Six Titanium Watches Built for Adventure
Twice as strong as most stainless steel alloys yet half as light, titanium makes sense for watch building
Outside's long reads email newsletter features our strongest writing, most ambitious reporting, and award-winning storytelling about the outdoors. Sign up today.
Titanium was used for watch cases long before it made its way into bike frames and backpacking kits. The new generation stays light and fast.
Seiko Astron SSE043 ($2,200)
The Astron keeps perfect time anywhere on the planet by syncing with satellites. Add solar charging, dual time-zone display, and 330 feet of water resistance, and it might be the perfect travel watch.
Citizen Promaster Skyhawk A-T ($895)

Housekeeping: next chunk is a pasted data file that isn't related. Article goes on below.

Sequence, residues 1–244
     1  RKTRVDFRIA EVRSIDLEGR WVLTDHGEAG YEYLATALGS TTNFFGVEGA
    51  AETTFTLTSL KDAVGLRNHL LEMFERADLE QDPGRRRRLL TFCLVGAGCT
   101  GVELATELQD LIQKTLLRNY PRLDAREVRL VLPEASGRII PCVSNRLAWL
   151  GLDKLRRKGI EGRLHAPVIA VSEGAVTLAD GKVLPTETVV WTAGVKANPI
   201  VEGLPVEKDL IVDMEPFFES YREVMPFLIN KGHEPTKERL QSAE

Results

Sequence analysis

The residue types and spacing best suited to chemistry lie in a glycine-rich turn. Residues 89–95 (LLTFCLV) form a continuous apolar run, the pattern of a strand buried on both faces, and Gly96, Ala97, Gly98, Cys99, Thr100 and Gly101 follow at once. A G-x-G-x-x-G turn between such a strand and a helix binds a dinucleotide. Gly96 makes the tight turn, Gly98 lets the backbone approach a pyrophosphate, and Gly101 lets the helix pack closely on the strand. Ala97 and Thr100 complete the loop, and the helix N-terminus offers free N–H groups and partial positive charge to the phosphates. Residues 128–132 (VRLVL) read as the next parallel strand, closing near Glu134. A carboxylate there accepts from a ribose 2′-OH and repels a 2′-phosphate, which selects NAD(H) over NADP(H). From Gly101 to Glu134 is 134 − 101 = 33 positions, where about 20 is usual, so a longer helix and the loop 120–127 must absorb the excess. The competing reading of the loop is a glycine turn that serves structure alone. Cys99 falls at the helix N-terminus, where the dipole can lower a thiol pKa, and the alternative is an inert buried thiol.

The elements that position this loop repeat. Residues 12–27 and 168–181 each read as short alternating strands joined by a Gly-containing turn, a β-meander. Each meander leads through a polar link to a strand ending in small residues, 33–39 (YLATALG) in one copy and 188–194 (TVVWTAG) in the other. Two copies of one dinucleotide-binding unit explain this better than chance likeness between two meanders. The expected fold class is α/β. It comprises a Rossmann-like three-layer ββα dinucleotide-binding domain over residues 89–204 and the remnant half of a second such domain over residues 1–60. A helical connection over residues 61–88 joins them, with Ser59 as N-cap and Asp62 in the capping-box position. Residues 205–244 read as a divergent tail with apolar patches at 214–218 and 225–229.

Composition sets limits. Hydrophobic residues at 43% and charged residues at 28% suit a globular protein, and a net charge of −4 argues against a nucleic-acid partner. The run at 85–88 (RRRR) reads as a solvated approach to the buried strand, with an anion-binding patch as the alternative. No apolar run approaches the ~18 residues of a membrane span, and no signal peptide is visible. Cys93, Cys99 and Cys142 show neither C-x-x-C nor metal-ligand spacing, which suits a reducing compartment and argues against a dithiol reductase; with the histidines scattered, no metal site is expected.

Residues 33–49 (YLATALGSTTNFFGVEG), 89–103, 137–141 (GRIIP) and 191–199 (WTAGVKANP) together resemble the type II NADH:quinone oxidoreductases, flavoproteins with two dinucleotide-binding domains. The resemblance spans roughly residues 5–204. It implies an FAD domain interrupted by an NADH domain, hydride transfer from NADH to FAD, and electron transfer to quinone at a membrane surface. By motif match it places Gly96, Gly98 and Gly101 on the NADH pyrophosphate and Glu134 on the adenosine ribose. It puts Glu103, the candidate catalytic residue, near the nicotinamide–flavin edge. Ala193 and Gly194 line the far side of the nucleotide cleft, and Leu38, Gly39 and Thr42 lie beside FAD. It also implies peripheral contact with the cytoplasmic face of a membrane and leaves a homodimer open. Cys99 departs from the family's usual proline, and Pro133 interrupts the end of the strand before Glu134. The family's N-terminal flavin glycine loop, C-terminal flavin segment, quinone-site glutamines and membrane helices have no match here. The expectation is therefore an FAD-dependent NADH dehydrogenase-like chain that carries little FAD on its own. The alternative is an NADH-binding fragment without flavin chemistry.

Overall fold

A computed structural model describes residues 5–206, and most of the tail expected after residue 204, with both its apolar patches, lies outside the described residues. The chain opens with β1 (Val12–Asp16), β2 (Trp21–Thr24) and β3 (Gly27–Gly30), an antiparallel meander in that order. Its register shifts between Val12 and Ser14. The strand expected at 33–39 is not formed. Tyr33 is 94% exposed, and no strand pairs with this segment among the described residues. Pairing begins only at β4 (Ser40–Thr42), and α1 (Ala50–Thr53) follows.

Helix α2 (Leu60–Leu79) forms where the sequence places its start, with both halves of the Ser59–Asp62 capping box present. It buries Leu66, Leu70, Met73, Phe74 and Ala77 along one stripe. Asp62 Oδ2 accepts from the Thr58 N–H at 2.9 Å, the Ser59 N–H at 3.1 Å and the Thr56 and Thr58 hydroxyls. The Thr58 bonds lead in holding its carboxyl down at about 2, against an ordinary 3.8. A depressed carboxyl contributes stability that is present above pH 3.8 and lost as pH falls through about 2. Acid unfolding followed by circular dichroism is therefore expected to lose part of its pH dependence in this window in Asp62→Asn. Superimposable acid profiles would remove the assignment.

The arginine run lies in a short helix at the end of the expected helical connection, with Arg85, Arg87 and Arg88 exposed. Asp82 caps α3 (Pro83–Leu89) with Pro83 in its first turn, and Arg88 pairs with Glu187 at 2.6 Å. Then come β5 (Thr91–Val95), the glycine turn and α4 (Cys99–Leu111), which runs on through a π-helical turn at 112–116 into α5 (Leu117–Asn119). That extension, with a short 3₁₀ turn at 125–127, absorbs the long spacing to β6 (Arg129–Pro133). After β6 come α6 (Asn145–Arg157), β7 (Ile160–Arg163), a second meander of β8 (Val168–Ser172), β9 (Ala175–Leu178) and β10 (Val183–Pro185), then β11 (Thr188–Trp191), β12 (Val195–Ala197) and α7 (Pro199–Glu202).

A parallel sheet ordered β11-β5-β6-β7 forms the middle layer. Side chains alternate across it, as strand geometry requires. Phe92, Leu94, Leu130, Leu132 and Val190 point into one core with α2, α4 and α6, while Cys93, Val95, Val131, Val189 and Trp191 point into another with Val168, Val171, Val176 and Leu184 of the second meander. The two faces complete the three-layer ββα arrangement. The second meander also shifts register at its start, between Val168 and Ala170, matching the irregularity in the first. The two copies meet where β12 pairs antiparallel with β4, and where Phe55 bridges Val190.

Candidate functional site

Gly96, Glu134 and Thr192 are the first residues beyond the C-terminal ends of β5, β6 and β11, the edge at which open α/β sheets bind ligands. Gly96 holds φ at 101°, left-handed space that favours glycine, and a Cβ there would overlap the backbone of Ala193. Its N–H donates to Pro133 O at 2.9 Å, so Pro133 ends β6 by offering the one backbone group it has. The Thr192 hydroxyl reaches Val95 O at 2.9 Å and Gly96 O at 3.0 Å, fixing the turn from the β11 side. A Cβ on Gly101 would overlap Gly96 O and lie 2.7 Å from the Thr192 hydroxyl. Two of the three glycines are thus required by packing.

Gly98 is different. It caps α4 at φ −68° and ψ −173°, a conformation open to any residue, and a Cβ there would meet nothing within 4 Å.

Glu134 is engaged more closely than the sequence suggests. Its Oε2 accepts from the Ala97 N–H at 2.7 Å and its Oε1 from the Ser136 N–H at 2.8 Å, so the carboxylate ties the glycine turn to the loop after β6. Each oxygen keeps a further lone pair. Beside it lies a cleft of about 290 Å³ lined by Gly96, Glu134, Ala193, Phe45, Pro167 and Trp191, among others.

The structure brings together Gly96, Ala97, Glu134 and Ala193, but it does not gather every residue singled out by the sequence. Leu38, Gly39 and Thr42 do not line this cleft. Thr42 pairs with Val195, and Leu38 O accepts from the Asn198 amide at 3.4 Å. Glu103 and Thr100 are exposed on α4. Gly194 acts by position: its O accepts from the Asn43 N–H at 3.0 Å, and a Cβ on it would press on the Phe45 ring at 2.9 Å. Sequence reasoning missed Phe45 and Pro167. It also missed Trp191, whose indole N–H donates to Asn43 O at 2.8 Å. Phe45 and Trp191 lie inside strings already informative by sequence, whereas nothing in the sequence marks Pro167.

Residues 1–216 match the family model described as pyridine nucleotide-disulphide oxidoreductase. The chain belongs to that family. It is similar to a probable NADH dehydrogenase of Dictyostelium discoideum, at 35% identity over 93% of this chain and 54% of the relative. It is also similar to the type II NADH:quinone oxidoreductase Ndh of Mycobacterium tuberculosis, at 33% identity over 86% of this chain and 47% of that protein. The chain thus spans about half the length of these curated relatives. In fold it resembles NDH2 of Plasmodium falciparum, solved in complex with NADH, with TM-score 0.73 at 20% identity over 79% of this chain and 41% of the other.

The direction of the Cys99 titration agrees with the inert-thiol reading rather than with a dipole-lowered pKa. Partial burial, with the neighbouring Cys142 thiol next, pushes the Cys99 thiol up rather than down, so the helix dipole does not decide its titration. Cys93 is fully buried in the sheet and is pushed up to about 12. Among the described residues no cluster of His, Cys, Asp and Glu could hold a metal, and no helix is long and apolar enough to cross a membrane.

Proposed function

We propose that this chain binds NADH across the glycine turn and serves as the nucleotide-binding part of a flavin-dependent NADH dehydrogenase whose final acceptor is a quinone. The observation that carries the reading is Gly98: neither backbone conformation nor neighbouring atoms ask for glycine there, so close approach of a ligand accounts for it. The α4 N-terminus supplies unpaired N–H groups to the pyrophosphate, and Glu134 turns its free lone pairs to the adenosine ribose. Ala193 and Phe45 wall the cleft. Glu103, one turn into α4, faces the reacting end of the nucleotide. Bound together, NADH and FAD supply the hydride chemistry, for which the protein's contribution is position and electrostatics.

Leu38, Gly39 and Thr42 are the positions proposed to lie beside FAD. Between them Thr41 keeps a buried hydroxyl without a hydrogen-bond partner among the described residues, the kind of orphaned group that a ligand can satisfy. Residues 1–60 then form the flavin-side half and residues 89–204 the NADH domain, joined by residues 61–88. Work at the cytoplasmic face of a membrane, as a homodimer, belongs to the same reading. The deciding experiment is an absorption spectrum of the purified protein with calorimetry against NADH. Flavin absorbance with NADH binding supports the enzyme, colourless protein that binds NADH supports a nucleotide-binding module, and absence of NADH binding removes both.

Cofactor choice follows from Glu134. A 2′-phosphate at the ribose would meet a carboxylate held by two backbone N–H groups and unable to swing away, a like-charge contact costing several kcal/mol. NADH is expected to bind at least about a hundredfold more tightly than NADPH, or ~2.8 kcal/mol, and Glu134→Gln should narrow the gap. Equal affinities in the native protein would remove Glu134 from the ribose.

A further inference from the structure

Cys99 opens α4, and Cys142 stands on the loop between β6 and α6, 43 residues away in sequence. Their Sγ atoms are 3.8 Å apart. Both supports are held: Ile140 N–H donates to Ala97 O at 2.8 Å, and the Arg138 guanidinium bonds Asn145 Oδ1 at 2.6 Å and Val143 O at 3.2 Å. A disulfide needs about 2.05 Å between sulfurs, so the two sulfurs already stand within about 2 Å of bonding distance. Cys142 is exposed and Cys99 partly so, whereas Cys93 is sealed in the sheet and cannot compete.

Radio-controlled atomic timekeeping, two alarms, and multiple time zones are decidedly 21st century. But the analog slide rule is a nod to an era when pilots really had to think on the fly.
Tudor Pelagos ($4,400)
When deep water compresses the neoprene of a scuba diver’s wetsuit, the Pelagos’s spring-loaded clasp takes up the slack, keeping it snug over the sleeve all the way down to 1,640 feet.
Oris ProDiver Pointer Moon ($3,600)
The locking bezel on the ProDiver prevents the accidental adjustment of dive time, while the orange hand tracks high and low tide.
Breitling Aerospace EVO ($4,930)
The thermocompensated quartz movement in this Breitling means that timekeeping isn’t affected by temperature swings. The digital functions include alarms, a countdown timer, and a second time zone. It’s also compatible with night-vision goggles—just in case.
TAG Heuer Connected Modular 45 ($1,700)
This Intel-equipped smartwatch has a customizable touchscreen packed with all the functions you’d expect. And when you want to go old-school, swap out the watch module for a traditional TAG Heuer ticker.